Tuesday, May 31, 2011

Authors Energized by the Emergence of eBooks

Howard Sherman is my guest today. He describes himself as an implementor. I call him an interesting man of many talents.

Anyone even remotely connected to the book world can't help but notice that eBooks are changing everything! For some time now Amazon has been reporting that their eBook sales have overtaken the sales of published books. Stories of authors making impressive amounts of money selling the Kindle versions of their books were once anecdotal
but are now becoming common place.  Who's the big winner here? The reader.

That's because the reader has instant access to fresh fiction at lower prices backed by peer reviews, either encouraging ownership or warning away would-be buyers from making a mistake.  It's hard to go wrong with a $2.99 eBook even if there aren't any reviews one way or the other.  Thanks to the free chapter sample the reader can take all the time they like to peruse that chapter and then decide to own the book...or not.

Authors are in the winner's circle too, of course.  Writers get direct access to readers, cutting out the erstwhile middlemen collectively known as "the industry" or "the man" if you're somewhat jaded by "the industry" like I am and make more money in the bargain.  Yes, I one time dropped major coin on an all-out media campaign with Phenix & Phenix. Yes, I tried the traditional route to promote my library of interactive fiction eBooks.  And that campaign, while successful beyond my wildest dreams in ways I never imagined, fell short of the mark I established on other fronts.
Thanks to my own blog, Twitter and Facebook, I'm no longer constrained by industry standards because there are none anymore. The write-the-book, shop for agent who then shops the manuscript who then makes the sale and then takes his cut and then get published and then market your own book more-or-less on your own model is history.  Doomed to the fate of the dinosaurs.

Yes indeed, friends and neighbors.  That's energizing.

I can write from my passion, give my readers what I know they want and let them vote on the matter, casting their ballot by buying my titles.  As each vote is a sale I always know where I stand.  Unshackled from the antiquated publishing model, authors like me and thousands of others have a new sense of promise, of hope and enthusiasm.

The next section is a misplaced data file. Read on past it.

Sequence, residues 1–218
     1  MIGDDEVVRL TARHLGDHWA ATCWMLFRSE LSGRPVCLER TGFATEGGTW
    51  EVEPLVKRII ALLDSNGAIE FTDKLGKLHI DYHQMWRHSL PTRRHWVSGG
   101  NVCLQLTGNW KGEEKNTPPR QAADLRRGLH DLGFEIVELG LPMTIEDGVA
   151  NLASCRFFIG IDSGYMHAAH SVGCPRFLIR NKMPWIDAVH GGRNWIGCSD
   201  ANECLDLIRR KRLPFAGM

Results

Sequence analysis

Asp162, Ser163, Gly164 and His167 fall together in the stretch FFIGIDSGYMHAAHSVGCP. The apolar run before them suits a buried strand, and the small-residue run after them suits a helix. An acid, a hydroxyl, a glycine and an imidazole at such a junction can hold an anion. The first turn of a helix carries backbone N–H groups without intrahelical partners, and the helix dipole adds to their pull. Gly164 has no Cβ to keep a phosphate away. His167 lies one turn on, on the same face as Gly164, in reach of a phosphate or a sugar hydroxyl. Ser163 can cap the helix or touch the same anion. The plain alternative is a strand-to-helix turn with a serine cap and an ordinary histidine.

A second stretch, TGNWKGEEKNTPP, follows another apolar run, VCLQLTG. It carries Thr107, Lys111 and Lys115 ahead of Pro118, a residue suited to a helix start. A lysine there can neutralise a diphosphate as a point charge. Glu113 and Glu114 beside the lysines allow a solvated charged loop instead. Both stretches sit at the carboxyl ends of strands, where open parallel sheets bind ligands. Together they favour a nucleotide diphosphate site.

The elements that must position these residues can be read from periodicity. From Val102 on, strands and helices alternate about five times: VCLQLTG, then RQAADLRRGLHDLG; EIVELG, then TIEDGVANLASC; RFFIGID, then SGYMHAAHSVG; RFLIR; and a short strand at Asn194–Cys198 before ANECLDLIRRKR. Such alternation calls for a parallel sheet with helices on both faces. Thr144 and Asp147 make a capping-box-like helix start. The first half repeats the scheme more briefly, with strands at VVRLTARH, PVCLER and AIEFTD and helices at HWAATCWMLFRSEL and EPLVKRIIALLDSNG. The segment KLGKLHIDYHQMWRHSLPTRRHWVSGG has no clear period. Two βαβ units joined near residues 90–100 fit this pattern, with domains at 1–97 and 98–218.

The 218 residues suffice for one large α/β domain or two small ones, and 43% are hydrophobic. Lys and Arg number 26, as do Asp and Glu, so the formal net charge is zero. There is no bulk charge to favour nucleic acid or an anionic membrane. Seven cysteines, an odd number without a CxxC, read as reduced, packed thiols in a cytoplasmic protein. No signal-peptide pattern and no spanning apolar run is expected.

That's the mindset I've molded over time and it gives me the gusto to give my all without trepidation.

That's exactly how I approached implementing my latest work of interactive crime fiction; Four Badges.

What an exciting time to be a writer.  Or a reader.  Or even a bystander.

Visit my book blog at http://www.howardsherman.net  
I invite you to browse my works of interactive fiction books at http://www.malinche.net


jenny milchman said...

I agree--it's an extraordinarily exciting time in the world of writing and books. I'm interested to see how the lower barrier to entry plays out--I find it's possible to make my way to the terrific independently published sensations, through WOM (always the best seller of books) and the ways you mention. But will it be so when tens of millions instead of roughly 800,000 e books are out there? As someone who is just about to sign a traditional contract (after 11 years of trying) I am watching this brave new world very carefully. I think there are definite advantages to it--ones I won't have. Similarly, I think there are advantages on the other side of the fence. The interesting thing will be to see if the best of both worlds can somehow emerge--so that quality books don't take 10 years to find homes--or readers. Great post--thanks!

bj said...

Folks, calm down. Surely there are some down sides to e-books. Let's hear them, please.

Ellis Vidler said...